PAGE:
Monday, November 13, 2006


Down With First Past The Post. Or Part of It.

A non-homogenous society isn't suited for exclusively first past the post systems.

For 49 years, the ruling Malaysian BN coalition has had a two-thirds majority in the federal legislature, with the exception of the 1969 General Elections, which was followed by you-know-what. However, never in Malaysian history has the BN obtained a two-thirds proportion of the total vote. This apparent disconnect is all down to the first past the post electoral system we practice.

Make no mistake, the Westminster system is still practiced elsewhere, and other methods are by no means definitively superior to it. However, Malaysian Westminster Parliamenterism has diverged greatly from other instances of it, mainly due to our sociopolitical structures.

For example, first past the post (FPTP from her onwards) systems are supposed to reduce the number of parties. This has ostensibly ben the case in terms of Malay based parties, but definitely not for the other parties. Lineation policies has also been done haphazardly, without documented justification for it.

In a highly heterogenous land such as Malaysia, the FPTP system has compounded matters where racial relations are concerned. Not that I agree with viewing politics in terms of race, but for now, I shall be a realist. For one, a winner takes all system blurs out proportional votes. This is especially bad because different social groups are significantly different from each other, and proportional representation of them is vital to maintain a truly representative legislature.

Therefore I advocate a Mixed Member Proportional Representation system for Malaysia. It's not perfect, and it's definitely more complex and would not be conducive for voters ignorant of electoral mechanisms, but its very suited for voter representation.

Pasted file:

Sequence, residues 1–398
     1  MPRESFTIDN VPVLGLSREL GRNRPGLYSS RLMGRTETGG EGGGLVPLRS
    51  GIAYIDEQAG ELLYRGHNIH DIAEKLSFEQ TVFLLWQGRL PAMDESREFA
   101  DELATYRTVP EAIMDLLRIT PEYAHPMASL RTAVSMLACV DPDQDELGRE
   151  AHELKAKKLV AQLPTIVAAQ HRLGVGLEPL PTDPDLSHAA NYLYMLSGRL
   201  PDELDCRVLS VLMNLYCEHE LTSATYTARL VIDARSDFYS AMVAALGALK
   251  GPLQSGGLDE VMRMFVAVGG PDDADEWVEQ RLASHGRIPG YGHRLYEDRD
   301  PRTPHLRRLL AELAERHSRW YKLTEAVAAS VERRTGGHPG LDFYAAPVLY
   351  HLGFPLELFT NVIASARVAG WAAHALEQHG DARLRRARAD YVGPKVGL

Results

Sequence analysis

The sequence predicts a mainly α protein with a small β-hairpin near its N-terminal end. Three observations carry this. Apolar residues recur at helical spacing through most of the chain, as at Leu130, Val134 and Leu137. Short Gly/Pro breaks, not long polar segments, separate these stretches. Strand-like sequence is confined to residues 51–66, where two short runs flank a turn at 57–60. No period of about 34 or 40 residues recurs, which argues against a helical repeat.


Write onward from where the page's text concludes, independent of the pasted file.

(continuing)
To put it simply, parties are allocated seats in the legislature via proportional representation. Howeverm contistuencies are retained, and local representatives still exists within the framework of the system. Every local representative fills up one slot of the allocated seat within the legislature, and if there aren't enough of them to fill up the party's quota, they may appoint more members (there are plenty of variations to how this is decided as well).

In the case where the number of local representatives exceed the party's allocated bumber of seats, there are numeous ways to accommodate this. Germany simply gives them more seats than allocated via proportional representations. There are also methods where extra seats are added for other parties to maintain proportionality.

There are, of course, loopholes. But these can be overcomed by numerous methods. Abuse via party splitting (read the Wikipedia article, because I'm too half-assed to elaborate) can be circumvented by forcing participation in national proportional voting if a party wants to compete in constituencies. Then, a minimum threshold should not apply, to allow parties with local representation but very small amounts of national vote to retain their seat.

Now this may seem a very big change, and utterly unnecessary. But I urge you all to go through election statistics, and you'll see that there is a huge discord between the proportion of votes garnered by opposition parties to the proportion of seats obtained. This is gerrymandering at its best.

i wish you'd blog more often :)
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